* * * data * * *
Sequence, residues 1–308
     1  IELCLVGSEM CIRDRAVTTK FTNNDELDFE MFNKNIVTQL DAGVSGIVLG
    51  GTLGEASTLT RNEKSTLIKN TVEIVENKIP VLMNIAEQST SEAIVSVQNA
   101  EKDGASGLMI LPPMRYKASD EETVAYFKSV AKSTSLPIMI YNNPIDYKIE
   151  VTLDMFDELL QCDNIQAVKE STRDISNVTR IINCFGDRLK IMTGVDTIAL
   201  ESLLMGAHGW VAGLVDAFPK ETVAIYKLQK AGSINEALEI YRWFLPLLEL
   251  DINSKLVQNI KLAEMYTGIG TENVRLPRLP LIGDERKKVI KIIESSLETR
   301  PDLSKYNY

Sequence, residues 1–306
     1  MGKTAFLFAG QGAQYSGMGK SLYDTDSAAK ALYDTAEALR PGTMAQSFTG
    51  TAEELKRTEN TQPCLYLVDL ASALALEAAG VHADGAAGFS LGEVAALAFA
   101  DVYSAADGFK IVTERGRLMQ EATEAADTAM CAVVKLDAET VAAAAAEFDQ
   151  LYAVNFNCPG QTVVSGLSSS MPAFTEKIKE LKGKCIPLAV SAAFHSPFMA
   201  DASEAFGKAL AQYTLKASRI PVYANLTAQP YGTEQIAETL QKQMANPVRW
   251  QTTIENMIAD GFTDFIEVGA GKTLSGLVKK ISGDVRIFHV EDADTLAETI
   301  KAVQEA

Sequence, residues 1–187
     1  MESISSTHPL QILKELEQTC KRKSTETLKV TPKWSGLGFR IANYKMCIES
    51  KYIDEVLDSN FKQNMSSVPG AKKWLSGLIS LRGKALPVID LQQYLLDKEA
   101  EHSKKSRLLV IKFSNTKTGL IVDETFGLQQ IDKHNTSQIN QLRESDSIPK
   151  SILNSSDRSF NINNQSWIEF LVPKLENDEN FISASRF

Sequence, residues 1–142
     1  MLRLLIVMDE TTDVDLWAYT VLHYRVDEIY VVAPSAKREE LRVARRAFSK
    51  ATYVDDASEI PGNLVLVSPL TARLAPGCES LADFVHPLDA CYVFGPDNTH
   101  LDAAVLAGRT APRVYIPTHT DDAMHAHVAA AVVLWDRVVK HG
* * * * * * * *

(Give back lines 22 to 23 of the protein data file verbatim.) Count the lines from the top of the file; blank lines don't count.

Sequence, residues 1–142
     1  MLRLLIVMDE TTDVDLWAYT VLHYRVDEIY VVAPSAKREE LRVARRAFSK